Harvard analysis gives Ravens 9 percent chance of making playoffs

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Baltimore Ravens quarterback Joe Flacco speaks at a news conference after NFL football minicamp, Thursday, June 18, 2015, in Owings Mills, Md.

Ravens owner Steve Bisciotti and general manager Ozzie Newsome have employed scores of smart people in their organization for years, and have even had a Harvard graduate — center Matt Birk or fullback Kyle Juszczyk — on the field for many of those years. Second-year guard John Urschel is an unabashed smart person.

So what happens when a Harvard analysis of each NFL team's "core roster" gives the Ravens just a 9 percent chance to make the playoffs, ahead of only bottom feeders such as the Jacksonville Jaguars (3 percent), Tampa Bay Buccaneers (3 percent), Tennessee Titans (2 percent), and Oakland Raiders (1 percent)?


It appears Harvard, at the very least, doesn't take care of its own.

The study, by Kurt Bullard of the Harvard Sports Analytics Collective, uses a multi-step formula to assess a team's playoff chances by the talent on its roster. He used Pro Football Reference's Approximate Value (AV) tool for a group of core players — defined as quarterback, running back, two wide receivers, tight end, top two offensive linemen, top four front seven players, and top two defensive backs. For rookies, the backup's AV was used. Bullard used the depth chart.


(For the record, I tried to replicate the Ravens' AV score of 103 with the players given and came up with something higher. I am not a Harvard mathematician. We all have warts, I suppose.)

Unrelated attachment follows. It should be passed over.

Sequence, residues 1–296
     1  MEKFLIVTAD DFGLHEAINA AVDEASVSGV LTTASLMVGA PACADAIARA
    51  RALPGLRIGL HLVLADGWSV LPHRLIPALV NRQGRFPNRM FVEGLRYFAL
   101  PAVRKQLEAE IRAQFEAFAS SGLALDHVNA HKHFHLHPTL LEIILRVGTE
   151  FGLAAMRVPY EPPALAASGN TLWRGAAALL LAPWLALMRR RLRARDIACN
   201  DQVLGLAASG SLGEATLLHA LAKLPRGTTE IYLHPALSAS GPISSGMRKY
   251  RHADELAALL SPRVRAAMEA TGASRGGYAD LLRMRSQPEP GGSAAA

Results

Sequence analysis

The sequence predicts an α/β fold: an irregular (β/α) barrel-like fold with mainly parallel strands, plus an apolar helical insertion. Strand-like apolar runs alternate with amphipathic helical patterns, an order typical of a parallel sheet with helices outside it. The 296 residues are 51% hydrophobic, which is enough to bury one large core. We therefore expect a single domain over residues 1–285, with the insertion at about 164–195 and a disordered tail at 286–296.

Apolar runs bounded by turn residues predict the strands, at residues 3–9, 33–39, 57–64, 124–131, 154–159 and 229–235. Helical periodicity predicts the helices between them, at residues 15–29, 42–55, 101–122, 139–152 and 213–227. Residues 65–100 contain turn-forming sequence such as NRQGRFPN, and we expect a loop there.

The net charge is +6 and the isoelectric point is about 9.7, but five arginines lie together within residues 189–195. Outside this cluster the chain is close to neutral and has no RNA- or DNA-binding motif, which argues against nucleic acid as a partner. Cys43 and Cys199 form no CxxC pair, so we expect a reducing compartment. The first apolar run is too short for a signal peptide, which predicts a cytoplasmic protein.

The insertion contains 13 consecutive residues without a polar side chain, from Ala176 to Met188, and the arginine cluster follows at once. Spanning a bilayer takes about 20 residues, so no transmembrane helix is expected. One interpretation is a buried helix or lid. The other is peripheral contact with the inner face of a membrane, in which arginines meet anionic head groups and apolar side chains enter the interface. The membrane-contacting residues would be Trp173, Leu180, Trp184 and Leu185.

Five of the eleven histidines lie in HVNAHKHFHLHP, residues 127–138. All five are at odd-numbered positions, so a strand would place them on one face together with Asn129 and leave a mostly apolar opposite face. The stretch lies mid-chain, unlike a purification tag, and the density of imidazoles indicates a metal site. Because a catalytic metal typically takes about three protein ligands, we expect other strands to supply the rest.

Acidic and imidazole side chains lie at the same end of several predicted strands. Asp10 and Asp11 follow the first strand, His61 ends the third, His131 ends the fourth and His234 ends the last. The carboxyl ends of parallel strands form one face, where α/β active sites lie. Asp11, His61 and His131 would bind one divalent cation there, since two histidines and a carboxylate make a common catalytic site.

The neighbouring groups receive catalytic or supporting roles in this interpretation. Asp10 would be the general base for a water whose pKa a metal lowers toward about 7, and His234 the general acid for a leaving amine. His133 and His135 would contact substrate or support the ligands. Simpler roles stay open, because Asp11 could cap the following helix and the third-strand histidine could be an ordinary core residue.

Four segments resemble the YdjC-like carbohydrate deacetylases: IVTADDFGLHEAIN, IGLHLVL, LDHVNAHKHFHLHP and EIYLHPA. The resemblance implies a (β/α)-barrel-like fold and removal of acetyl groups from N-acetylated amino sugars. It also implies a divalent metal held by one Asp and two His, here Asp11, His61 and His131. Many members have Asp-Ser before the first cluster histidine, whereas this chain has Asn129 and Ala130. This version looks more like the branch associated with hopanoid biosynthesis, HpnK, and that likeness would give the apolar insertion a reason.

Then, Bullard took the AV aggregate number and converted it to FiveThirtyEight's ELO rating, and used that rating to run a schedule simulation. That gives the Ravens, who lost in the AFC divisional round last year to the eventual Super Bowl champion New England Patriots, the fifth-worst playoff odds in the NFL.

Under this formula, the Ravens are hurt by the inclusion of Breshad Perriman, a rookie, and tight end Crockett Gillmore, who made a limited impact in his first year. They also don't get much from their secondary in this exercise, though there's plenty of production from the front-seven.

I suppose the issue is that their "core," while not terrible, extends far deeper down the roster than just the top. The defensive line is young, deep, and talented. The secondary could take a huge step forward, if healthy. The offensive line can't be defined by just two players — when healthy, it was one of the best in the NFL.

Then again, raging against the numbers makes me sound like an Orioles fan who thought the preseason projections for four games under .500 and wholesale regression from the pitching staff were insulting. How are those looking now?